Hi Jan! That’s really interesting… Sometimes I have noticed that if you work a battery hard, the voltage will sag and the display will show a lower reading. It’s almost like the bike is saying (if you keep riding like this, the battery is going to run out very fast!) but the dampening might be that the battery actually is very low and struggling. Some batteries try to protect themselves as they get low and cutout early. You can force them to keep going, but it can be hard on the cells. I’d suggest pedaling along a bit extra to help on that hill or walking. the bike. If you find this happening even when the battery pack is full, maybe switch gears to a lower, easier gear, so the motor doesn’t have to work so hard. It might work better then. I would love to hear back from you, what you discover so that others might benefit from a solution if they are seeing the same thing happen :)

7 years ago

Hey, Took bike out again, hubby and I discussed the problem. He thinking I was pushing the bike too hard. I was going around 18 – 21 mph on the bike, Today rode the bike on trails with people and mixed terrain, bike worked beautifully. Also, when on these trails I did not go above pedal assist 3, just too many folks around and I would be traveling too fast to do corners, etc. It is a great bike and I am really enjoying myself on it.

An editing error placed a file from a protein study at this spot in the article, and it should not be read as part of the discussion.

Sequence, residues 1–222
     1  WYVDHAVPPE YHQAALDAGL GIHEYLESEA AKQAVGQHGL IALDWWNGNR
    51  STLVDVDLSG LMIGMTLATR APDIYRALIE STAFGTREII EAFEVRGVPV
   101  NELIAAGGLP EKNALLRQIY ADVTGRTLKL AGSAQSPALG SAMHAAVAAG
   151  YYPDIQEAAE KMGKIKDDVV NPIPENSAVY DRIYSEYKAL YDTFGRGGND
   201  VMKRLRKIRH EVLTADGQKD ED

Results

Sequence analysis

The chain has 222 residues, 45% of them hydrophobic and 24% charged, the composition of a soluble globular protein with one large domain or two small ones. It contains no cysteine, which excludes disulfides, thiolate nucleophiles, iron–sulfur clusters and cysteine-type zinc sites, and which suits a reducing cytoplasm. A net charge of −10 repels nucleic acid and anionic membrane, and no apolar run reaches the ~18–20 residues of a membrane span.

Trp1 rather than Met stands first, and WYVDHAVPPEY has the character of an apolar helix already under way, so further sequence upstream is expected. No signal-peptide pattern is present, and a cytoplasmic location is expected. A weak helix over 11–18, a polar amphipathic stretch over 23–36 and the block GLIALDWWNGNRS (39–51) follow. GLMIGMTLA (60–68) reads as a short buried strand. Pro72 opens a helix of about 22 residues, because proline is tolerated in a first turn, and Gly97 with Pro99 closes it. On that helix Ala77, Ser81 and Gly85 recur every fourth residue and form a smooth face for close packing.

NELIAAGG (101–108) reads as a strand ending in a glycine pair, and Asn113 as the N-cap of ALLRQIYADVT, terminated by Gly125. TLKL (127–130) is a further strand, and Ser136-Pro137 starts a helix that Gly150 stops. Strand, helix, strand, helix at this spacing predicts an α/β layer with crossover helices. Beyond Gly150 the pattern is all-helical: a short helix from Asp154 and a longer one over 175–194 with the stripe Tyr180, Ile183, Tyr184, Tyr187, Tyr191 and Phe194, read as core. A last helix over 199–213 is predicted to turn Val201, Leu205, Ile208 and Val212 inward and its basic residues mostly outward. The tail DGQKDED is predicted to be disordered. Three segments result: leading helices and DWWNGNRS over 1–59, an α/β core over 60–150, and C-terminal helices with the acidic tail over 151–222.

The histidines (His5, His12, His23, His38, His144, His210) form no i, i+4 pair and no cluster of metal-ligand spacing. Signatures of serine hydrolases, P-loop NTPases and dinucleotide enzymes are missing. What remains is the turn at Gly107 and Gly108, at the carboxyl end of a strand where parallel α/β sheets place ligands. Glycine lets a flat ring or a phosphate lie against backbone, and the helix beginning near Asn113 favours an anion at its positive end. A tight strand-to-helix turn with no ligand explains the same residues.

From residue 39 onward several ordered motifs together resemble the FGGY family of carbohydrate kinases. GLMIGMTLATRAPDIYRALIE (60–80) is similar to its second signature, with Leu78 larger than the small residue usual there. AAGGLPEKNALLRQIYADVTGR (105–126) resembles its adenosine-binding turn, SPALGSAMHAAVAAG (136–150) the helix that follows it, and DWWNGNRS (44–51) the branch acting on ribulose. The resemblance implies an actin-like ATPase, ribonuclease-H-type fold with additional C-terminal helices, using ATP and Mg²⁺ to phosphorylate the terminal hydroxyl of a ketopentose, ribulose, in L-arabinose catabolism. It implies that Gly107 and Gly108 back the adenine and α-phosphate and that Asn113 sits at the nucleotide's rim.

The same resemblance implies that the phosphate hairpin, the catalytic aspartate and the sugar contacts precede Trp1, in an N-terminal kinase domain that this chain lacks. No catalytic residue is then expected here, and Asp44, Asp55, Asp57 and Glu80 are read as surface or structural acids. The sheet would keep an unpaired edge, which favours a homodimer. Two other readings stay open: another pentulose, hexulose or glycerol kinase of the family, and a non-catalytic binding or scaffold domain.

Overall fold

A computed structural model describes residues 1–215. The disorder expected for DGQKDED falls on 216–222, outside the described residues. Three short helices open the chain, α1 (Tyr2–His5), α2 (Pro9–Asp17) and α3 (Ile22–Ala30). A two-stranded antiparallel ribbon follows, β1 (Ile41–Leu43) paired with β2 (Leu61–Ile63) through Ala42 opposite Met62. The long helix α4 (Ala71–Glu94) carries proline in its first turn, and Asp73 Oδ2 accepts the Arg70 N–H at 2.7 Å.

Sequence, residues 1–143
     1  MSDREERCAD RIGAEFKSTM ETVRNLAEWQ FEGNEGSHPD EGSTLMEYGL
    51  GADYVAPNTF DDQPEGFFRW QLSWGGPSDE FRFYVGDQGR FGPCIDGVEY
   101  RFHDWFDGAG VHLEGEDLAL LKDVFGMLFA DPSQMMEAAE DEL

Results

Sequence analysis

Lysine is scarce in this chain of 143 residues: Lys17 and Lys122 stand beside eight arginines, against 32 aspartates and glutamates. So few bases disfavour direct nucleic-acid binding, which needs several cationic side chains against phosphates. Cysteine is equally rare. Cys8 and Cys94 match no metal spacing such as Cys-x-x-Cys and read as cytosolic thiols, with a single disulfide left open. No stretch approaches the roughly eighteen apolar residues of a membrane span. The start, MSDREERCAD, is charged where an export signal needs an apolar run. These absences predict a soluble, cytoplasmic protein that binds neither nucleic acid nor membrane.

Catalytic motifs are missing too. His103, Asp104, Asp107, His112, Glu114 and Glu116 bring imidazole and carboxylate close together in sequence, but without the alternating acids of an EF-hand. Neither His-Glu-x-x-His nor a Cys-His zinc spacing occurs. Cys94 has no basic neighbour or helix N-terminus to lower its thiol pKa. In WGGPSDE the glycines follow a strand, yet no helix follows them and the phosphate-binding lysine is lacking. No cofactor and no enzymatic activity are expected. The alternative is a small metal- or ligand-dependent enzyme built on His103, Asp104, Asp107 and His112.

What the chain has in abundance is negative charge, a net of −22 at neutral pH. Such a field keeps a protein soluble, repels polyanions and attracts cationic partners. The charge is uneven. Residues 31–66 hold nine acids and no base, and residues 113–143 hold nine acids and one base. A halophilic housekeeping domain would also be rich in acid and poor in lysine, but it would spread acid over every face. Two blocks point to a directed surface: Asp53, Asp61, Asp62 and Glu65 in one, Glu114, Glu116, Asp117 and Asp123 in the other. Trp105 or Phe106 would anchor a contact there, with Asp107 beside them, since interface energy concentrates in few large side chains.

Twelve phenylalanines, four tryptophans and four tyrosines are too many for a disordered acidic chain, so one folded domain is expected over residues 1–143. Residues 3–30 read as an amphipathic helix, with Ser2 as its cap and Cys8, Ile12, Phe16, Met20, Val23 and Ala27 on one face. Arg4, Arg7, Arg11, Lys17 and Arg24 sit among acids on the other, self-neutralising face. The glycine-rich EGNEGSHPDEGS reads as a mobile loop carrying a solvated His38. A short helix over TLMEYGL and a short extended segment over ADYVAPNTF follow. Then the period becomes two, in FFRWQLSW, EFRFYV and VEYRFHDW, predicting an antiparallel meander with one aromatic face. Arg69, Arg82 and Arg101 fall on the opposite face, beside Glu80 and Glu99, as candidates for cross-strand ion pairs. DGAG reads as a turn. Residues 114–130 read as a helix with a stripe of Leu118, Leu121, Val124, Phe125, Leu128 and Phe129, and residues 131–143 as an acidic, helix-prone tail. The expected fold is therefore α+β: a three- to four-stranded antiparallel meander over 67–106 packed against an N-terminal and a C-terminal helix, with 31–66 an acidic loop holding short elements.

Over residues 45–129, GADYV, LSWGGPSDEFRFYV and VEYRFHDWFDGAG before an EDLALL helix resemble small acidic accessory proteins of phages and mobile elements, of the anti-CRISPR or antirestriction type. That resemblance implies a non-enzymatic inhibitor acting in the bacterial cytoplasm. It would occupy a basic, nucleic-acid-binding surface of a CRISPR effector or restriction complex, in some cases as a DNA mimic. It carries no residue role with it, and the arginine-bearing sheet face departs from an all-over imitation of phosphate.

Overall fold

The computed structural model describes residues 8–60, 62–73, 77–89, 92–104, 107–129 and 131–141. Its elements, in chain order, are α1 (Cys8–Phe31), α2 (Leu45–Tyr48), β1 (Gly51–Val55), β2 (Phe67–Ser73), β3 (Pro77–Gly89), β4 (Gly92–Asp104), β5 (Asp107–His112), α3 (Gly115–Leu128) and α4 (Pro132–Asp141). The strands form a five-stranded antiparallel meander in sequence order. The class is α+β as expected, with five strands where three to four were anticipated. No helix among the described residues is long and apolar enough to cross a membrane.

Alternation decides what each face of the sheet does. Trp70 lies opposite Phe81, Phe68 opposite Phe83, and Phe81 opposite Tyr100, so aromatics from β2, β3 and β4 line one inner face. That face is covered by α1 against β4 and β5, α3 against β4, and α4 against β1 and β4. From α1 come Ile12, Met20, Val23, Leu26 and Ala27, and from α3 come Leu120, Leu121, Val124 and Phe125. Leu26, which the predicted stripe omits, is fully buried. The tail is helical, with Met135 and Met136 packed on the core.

Les Awrach
6 years ago

Hi Court, your reviews of the Raleigh Sprite IE bike are excellent and the reviews answered several questions I had about the bike.

This Raleigh Sprite IE bike is the first Ebike for me (purchaced a couple of weeks ago) and I am having a lot of fun with it riding around the neighborhood of Peabody in Massachusetts… It’s getting cold here now and I envy the California weather that I see in your videos. Perfect for bikes. I am semi-retired, but not from biking!

One question I have… I was charging the battery and after a couple of hours, the charger was hot (not super hot) but enough to tell me to take off the charger… The battery was just slightly warm… I know that charging generates heat, but is this expected (more than warm)?